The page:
Tag Archives: family bonding

Sunday Morning Shout Out

As the holidays quickly approach, does the thought of gift buying leave you uninspired?  Would you like to make your holiday more meaningful with your family?  Consider making presents with your children, for family and friends.

Before you accuse me of falling of my rocker, let me just say that these crafts are doable even for the un-crafty sort ( like me).  Sherry Osborn’s article, “100 Homemade Gift Ideas, at the “About Home” website, offers many ideas that appeal to different sensibilities.  They are sweet and often upcycled from common household items-buttons, pens, and even old cabinet doors. They make especially cute gifts for teachers, family, and friends who may have everything else already.

If crafting isn’t your thing, perhaps baking or cooking gifts for others is more appealing.  The article “Exceptional Homemade Edible Gifts,” by Carroll Pellegrinelli, at the “About Food,” website, lists some mouth watering delicious treat ideas for edible gift giving.  Let’s just say chocolate figures into many of the recipes that are listed.  It’s a win-win for everyone!

Whether homemade crafts or homemade treats for gifts, homemade anything shows a lot of heart.  Anyone can purchase a necktie, calendar, or gift card for a loved one.  But these ideas and their finished product possess that lovely and special quality that the standard mall gift does not.

With working together on these projects and giving from the heart, it may just lead you back to what’s essential about the holiday season.  And that is definitely another win-win!


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Sunday Morning Shout Out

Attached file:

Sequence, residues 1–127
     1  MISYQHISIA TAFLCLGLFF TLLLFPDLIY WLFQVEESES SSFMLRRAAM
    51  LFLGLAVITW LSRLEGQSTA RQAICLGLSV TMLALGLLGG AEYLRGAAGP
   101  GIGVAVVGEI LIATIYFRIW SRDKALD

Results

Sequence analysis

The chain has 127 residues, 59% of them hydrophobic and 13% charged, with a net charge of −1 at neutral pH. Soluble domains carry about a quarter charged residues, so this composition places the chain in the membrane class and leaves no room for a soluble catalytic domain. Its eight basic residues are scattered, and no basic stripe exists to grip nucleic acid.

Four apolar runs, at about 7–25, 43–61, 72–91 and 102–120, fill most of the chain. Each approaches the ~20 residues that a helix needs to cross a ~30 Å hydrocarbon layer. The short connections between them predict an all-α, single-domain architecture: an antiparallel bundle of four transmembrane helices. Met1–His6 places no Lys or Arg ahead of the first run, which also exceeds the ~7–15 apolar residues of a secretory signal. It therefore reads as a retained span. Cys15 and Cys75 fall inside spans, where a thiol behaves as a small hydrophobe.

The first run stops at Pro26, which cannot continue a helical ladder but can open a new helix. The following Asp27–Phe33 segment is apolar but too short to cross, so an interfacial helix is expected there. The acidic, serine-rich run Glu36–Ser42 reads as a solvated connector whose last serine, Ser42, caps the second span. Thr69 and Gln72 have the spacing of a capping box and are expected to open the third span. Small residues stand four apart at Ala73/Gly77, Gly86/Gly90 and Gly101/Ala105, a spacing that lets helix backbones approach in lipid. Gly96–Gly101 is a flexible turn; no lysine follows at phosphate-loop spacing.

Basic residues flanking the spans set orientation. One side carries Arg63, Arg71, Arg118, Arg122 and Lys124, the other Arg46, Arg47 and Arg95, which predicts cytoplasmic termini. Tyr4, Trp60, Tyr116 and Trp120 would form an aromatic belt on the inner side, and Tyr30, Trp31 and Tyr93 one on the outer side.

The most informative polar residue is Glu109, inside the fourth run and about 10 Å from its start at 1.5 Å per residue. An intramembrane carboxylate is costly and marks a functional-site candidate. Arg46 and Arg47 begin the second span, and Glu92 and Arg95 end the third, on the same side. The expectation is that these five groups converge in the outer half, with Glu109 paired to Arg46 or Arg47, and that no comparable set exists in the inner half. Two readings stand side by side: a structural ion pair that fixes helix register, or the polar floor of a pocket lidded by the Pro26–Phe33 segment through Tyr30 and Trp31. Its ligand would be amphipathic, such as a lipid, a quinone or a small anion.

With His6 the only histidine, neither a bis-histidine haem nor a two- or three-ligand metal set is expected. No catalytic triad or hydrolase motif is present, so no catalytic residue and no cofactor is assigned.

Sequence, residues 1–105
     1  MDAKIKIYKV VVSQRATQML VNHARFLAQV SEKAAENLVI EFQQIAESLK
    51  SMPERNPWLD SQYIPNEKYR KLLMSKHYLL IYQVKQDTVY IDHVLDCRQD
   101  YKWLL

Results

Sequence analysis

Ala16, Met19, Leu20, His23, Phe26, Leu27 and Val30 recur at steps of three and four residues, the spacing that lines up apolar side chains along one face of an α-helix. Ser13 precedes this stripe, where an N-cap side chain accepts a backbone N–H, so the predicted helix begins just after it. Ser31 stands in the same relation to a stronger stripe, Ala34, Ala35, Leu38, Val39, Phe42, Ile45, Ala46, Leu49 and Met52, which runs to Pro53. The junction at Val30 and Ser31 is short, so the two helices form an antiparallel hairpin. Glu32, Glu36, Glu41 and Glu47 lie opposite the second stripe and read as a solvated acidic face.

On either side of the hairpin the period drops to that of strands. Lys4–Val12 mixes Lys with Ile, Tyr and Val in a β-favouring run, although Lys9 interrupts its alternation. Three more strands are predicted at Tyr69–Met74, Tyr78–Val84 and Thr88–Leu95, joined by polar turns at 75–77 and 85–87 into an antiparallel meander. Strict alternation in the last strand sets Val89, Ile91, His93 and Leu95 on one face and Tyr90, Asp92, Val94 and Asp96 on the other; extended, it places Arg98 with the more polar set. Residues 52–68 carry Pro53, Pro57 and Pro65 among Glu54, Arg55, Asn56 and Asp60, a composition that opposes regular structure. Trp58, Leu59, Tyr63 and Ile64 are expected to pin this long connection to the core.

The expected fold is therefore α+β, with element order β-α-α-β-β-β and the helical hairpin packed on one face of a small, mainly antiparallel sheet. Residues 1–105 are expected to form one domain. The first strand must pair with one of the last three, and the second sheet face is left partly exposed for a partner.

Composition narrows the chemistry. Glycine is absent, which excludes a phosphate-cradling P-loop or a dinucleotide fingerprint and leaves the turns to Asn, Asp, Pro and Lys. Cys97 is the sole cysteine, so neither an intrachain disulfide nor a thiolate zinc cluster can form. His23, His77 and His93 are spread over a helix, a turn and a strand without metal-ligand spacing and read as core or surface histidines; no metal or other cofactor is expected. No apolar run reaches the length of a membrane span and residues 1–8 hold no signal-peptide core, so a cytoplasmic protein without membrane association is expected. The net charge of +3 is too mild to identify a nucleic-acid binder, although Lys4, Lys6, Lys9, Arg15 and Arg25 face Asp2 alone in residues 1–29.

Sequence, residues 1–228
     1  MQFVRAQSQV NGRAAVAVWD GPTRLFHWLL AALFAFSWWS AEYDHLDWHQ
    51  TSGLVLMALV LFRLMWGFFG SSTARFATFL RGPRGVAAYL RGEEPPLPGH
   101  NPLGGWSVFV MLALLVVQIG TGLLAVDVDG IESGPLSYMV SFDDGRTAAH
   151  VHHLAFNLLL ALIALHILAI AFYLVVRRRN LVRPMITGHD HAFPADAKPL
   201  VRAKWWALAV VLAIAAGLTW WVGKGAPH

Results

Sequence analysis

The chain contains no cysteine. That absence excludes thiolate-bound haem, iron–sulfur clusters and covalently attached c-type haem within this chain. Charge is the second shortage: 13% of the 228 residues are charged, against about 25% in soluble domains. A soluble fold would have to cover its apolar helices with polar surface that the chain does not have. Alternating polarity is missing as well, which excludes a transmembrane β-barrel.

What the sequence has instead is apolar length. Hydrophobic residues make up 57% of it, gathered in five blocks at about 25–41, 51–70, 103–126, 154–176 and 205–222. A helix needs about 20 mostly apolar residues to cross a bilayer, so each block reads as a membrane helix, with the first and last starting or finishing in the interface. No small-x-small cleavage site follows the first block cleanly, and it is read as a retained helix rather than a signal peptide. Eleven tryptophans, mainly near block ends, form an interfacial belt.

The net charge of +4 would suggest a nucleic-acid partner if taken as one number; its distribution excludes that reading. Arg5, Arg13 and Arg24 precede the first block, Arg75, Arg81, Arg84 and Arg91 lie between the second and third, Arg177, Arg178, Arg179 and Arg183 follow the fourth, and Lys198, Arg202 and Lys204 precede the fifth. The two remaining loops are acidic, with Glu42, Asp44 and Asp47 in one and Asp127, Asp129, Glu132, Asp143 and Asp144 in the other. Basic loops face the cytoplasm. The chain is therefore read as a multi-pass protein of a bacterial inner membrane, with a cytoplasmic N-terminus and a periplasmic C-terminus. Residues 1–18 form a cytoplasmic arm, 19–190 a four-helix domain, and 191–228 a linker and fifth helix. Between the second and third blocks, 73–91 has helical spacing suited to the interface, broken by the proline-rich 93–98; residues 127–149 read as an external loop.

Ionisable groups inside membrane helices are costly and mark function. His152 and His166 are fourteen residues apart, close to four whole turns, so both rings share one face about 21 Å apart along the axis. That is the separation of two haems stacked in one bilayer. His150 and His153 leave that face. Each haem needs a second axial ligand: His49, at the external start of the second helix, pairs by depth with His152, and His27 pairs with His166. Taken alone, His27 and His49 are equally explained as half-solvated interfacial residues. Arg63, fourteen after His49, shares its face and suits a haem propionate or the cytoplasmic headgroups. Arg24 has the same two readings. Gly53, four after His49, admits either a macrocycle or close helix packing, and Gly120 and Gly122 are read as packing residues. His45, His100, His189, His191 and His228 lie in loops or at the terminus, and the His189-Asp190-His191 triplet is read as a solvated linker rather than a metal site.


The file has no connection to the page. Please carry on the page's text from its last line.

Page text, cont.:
dinnerWe all know dinner together as a family is important.  But did you know it is the best predictor of how adolescence will go for our children?  In my favorite go- to place for professional advice about “Happy Familiying,” Dr. Laura Markham, Ph.D., at the “Aha Parenting” website, discusses why dinner and eating together are the glue that keep families strong.

Dinner is a protective factor for all family members and an extremely powerful one for adolescents, especially.  The more frequently teens eat with their families, the more likely they are: to do well in school, not do drugs, and become sexually active in high school, depressed, or suicidal.  They are many factors at play.  Families that regularly eat together, offer structure and routine to their children.  They offer oversight and supervision to teens and all children, in a world that can be utterly fast and risky for all.  Dinnertime offers children a sense of identity as a family, tradition, and stability.  In a world where a lot is changeable and stressful, regular dinner offers a family a constant.  Dinnertime is a place to check in with one another about each other’s day—the good, bad, and ugly.  It is a place to ask more questions about what occurred at school; what your children’s feelings and thoughts are about family events; and it is a place to weigh in, for all parties.  Most importantly, it is a place to belong, connect, and build better relationships.